The Disappearance of Eleanor Rigby: Them
"The Disappearance of Eleanor Rigby: Them" is an affecting but disjointed film about trauma's impact on one couple and their families.
Saya is 16 and has been 16 for a very long time. What’s interesting about teenage vampires, such as the hero of “Twilight,” is that they’re frozen in time while old enough to be sexy but too young to have developed a complex sensibility. Apparently, your maturation is put on hold along with your appearance, since Saya is 400 years old.
In “Blood: The Last Vampire,” her life has been a thankless slog through the extermination of demons that have plagued Japan down through the centuries. Whether these demons are vampires is a good question. I suppose so; the movie is a little hazy on its definition of vampires. Saya, for example, must be a vampire since she drinks bottled blood supplied to her by a shadowy Council.
Saya (Gianna) doesn’t personally sink fangs into anyone, but there must be sad goings-on back at the bottling works. No matter; since the demons/vampires prey on human victims, and she eviscerates them with her invincible swordplay, she can fairly be considered the solution and not the problem. They must not be quick studies if they haven’t figured out after 400 years of immortality that Saya never loses. They are witless creatures, and Saya is bright and attractive, perhaps because she’s half vampire and half human (never mind the rules say the two don’t mix).
The movie is surprisingly entertaining. It’s an international hybrid: Filmed in Hong Kong and Argentina, set in Japan, mostly in English, with a French director, a Chinese writer, a beautiful Korean star (Gianna, known in her homeland as Jeon Ji-hyun), a Japanese villainess (Koyuki as the evil Onigen) and an otherwise American cast, it has a plot that conveniently explains why this is: The Council has assigned Saya to an American military base where the vampires have been focusing their attention.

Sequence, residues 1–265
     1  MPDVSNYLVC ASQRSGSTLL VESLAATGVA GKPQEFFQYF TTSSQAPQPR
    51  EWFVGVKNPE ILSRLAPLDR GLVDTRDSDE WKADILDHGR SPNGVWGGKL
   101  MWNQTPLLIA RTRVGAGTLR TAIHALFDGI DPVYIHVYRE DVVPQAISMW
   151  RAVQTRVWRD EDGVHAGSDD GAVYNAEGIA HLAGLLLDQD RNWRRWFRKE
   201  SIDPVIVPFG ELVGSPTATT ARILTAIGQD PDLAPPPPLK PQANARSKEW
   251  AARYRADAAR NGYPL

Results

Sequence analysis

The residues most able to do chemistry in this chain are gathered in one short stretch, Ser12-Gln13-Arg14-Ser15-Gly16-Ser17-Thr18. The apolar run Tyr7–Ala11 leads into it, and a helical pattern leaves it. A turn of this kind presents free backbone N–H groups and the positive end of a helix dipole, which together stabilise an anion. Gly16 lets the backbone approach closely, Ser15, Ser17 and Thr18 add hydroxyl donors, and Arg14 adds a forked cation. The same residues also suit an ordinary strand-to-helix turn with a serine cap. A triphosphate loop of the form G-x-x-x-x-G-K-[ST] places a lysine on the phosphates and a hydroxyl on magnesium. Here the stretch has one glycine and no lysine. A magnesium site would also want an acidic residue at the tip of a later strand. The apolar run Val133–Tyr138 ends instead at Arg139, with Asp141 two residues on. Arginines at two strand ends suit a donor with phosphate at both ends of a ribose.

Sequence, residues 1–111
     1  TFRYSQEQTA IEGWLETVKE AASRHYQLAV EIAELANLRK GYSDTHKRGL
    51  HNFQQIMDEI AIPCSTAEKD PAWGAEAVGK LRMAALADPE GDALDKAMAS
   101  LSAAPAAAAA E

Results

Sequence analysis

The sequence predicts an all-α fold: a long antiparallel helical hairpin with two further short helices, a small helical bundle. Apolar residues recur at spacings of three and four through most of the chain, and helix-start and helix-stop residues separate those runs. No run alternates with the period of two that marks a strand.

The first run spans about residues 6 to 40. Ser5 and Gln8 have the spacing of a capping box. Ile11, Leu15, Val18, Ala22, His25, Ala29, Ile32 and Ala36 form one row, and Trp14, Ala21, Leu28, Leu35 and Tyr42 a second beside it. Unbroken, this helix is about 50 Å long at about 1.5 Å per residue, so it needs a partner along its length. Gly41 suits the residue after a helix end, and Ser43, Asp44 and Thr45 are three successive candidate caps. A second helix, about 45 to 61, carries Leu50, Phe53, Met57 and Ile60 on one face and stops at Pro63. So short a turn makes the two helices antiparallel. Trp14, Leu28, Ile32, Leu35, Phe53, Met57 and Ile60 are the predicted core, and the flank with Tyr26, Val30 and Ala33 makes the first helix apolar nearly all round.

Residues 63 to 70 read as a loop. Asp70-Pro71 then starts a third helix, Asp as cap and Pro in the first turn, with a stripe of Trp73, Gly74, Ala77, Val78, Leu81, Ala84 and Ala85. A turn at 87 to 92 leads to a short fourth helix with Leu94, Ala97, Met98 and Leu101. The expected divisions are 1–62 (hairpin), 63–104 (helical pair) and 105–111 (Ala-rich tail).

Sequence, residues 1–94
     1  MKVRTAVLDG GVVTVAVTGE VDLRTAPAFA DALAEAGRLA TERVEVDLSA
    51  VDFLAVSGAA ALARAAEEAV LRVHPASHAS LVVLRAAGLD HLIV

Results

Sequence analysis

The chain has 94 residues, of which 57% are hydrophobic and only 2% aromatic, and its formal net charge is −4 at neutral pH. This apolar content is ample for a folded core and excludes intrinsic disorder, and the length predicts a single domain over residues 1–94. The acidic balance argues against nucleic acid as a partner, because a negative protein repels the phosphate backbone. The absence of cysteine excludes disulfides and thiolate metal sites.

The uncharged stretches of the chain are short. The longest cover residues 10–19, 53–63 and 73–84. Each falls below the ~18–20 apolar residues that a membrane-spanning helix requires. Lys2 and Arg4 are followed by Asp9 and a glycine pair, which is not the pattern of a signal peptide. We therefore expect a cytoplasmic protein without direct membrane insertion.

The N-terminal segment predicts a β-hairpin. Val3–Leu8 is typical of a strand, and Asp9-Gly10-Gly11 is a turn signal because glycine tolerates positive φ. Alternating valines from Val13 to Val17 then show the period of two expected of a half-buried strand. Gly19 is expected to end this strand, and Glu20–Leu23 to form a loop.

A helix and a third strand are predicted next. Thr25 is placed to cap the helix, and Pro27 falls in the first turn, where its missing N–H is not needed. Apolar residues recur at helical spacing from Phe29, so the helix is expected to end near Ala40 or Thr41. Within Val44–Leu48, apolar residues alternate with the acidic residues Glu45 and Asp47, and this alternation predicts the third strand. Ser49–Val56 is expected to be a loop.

The plot makes sense, I guess, but is inconsequential, serving as a laundry line on which to hang action sequences. These are mostly cut too quickly to emulate the grace of classic martial-arts films, which can approach a sort of impossible ballet. That may be because Gianna is never really convincing as a martial artist, although she sure looks great.
What we’re seeing is the price we pay for CGI. When computer graphics make anything seem possible, they are overused to the point where they make everything look impossible. In classic kung-fu films, we knew the actors were shot from angles to enhance their movements, were suspended from invisible wires, were often stunt men, but were in some sense really there. Now they’re essentially replaced in action scenes by very realistic animation. This devalues actual achievement; I remember praising Ang Lee for the “astonishing realism” of his treetop sword fight in "Crouching Tiger, Hidden Dragon," only to be told: Those were the actors themselves, suspended by wires from cranes. The rooftop chase was really happening, too.
“Blood: The Last Vampire” is essentially a CGI fantasy, pleasing to the eye, and indeed based on a well-known 2001 Japanese anime. Gianna holds it together with a sympathetic performance, trying to win acceptance as the only Japanese girl in an otherwise all-American student body in the school on the U.S. military base. It doesn’t help her fit in when she dresses for her first day in a sailor suit; her wardrobe ideas must have become fixed in the “Madame Butterfly” era. Still, you gotta admit she’s fetching.
This isn’t a great movie. But it’s sincere as an entertainment, it looks good, it’s atmospheric, and I will perk up the next time I hear Gianna is in a picture. There probably cannot be a sequel, however, since in this film she seems to be putting herself out of a job. Oops, I gave away the title.
This message came to me from a reader named Peter Svensland. He and a fr...
A new look at the role of hero and villain in Ridley Scott's "Blade Runner."
Part ten in Scout Tafoya's The Unloved series tackles "The Village."
An appreciation of the actor's perseverance through age 63 despite depression.